Twitter shareholders approve of Musk takeover
Twitter agrees to Elon Musk's bid to buy the company after he wanted to pull out from the agreement.
Twitter shareholders approved on Tuesday during a special meeting eccentric billionaire Elon Musk's $44 billion bid to acquire the social media giant after a lot of disputes from both sides about the sale.
"Based on the preliminary count. stockholders have approved both proposals," Twitter General Counsel Sean Edgett said during the meeting after the shareholders voted on the deal.
The shareholders approved a proposal adopting Musk's agreement and plan of merger and a second proposal approving a non-binding advisory basis for the compensation that Twitter's named executive officers would get due to the merger, Edgett explained.
Whether or not the merger takes place is in the hands of the court examining the dispute between the billionaire and the social media giant after the former said that he wanted to pull out from the deal he signed on acquiring Twitter for $44 billion.
Musk claimed that he wanted to pull out from the deal after raising claims of fraud, alleging that the firm had been misleading regarding key aspects of its business, in particular the number of active and spam or bot accounts.
Twitter has been claiming that less than 5% of its user base is comprised of bots.
Meanwhile, Twitter has slammed Musk's attempts at walking away from the deal even if the bot count is found to be wrong due to this not being a clause in the buyout offer the billionaire had made.
The tech giant has also accused Musk of making up the story to try and escape a merger deal that he was no longer interested in.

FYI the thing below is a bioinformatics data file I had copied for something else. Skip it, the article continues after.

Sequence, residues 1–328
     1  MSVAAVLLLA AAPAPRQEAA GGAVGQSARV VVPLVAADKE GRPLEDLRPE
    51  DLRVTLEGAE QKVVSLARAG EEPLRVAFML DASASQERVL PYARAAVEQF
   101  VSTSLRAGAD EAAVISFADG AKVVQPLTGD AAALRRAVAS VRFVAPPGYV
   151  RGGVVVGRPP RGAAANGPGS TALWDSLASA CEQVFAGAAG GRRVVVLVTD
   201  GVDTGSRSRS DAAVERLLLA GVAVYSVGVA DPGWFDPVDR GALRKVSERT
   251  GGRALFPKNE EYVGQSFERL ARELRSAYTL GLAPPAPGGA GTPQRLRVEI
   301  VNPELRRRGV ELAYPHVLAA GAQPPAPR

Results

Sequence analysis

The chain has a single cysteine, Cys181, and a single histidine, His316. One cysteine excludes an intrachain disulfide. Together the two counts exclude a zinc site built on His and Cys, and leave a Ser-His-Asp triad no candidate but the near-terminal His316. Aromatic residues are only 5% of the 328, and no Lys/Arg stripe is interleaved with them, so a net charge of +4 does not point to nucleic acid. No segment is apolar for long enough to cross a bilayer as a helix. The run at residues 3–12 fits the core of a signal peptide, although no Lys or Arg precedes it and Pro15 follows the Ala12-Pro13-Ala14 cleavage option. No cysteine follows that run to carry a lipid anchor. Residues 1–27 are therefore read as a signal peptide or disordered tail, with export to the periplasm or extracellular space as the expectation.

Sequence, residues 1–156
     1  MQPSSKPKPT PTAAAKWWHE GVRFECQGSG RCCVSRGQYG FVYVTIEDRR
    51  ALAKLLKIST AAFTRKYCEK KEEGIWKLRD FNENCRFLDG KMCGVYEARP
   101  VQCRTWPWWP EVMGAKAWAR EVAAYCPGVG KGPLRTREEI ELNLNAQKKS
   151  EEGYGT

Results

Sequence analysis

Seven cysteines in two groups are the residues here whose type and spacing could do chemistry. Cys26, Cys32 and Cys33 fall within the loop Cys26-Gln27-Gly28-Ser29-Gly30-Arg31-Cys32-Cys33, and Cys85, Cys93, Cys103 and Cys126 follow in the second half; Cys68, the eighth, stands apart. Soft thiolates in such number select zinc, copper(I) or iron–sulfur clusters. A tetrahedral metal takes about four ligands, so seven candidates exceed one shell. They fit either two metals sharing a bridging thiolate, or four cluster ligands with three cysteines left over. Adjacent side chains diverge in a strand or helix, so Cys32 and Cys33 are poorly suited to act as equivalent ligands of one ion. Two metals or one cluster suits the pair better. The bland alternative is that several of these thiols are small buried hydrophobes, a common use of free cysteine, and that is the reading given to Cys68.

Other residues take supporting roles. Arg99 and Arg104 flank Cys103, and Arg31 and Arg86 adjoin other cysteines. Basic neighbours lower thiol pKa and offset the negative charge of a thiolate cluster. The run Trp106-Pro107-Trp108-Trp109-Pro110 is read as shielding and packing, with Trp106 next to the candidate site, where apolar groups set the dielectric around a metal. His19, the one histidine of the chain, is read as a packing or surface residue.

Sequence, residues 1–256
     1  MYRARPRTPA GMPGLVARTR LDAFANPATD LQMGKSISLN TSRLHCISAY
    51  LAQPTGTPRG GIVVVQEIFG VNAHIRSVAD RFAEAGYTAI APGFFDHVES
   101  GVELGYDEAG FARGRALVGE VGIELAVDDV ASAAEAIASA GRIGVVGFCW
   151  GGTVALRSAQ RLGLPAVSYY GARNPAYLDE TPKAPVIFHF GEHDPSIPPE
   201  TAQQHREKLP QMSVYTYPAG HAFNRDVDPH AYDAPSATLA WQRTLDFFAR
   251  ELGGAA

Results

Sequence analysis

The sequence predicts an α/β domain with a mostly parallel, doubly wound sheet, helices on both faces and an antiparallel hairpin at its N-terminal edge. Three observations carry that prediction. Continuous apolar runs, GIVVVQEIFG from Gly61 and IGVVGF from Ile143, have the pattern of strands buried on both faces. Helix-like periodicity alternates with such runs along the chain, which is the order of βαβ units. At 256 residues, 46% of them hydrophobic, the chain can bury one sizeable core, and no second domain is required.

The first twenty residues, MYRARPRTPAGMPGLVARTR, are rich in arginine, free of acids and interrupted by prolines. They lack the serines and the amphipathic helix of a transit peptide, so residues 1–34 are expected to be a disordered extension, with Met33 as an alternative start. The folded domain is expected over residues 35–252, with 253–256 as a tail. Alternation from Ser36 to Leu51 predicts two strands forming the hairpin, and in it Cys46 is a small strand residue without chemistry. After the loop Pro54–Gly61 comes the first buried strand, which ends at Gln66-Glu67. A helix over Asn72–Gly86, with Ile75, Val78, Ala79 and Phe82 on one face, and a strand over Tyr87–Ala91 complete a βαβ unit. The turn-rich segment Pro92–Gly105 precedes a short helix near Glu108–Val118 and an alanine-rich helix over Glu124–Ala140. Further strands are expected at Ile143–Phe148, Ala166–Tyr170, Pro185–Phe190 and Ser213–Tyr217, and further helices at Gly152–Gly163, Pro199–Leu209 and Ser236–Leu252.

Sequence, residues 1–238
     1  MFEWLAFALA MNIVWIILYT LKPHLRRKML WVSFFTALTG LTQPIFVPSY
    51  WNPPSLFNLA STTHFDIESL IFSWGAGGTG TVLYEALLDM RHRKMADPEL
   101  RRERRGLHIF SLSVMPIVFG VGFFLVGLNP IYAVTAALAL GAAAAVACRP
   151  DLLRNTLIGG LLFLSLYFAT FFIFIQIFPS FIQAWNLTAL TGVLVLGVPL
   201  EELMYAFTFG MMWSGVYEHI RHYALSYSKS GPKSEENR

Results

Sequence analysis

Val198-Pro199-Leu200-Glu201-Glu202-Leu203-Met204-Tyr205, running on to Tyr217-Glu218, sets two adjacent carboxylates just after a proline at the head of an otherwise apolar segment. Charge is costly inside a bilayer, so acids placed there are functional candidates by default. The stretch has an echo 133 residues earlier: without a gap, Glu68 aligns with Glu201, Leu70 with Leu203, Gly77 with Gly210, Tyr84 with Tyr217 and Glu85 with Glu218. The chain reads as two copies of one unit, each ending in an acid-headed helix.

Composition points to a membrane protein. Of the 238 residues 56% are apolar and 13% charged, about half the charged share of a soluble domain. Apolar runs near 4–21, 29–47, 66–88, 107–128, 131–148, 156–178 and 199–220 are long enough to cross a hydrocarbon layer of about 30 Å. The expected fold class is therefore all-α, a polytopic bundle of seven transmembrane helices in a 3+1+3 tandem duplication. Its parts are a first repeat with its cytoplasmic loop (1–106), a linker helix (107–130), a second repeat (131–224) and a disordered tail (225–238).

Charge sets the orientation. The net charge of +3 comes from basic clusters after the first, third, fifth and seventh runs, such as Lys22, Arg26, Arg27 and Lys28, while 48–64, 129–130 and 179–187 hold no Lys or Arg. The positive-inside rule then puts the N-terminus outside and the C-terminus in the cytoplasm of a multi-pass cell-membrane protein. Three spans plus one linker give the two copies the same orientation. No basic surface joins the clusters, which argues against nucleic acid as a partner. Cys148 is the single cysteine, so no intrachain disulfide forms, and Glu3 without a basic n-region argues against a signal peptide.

Twitter sued Musk for abandoning the deal, but the latter countersued.
"Musk's counterclaims, based as they are on distortion, misrepresentation, and outright deception, change nothing," Twitter said in a court filing.
The world's wealthiest man had in late April made advances to buy Twitter, and the latter agreed to sell out after a markup, only to later decide to retract his decision.
Records made public a few week ago showed that the former chief of Twitter was served with a legal order demanding that he give Musk any communications on documents linked to the takeover deal, in addition to information relating to false or spam accounts or how Twitter calculates how many active users it has.
Musk's legal team had warned a month ahead of the withdrawal that he could walk away from the negotiations table over acquiring Twitter if the big tech firm continues dismissing his demands to be more explicit about the number of fake and spam accounts on the platform. The news of the entrepreneur potentially dropping the deal caused Twitter shares to dip by 5%.
The deal, however, does have a clause obliging the party breaking the agreement - if it were to fall apart - to pay a termination fee of $1 billion.
Musk said earlier this month that if Twitter was able to provide its method of sampling 100 accounts and how it verified that the accounts are real, the $44 billion deal should proceed in accordance with its original terms.
Depending on who wins the case, either Musk or Twitter will be entitled to receiving a breakup fee if the other party is found responsible for the failed agreement.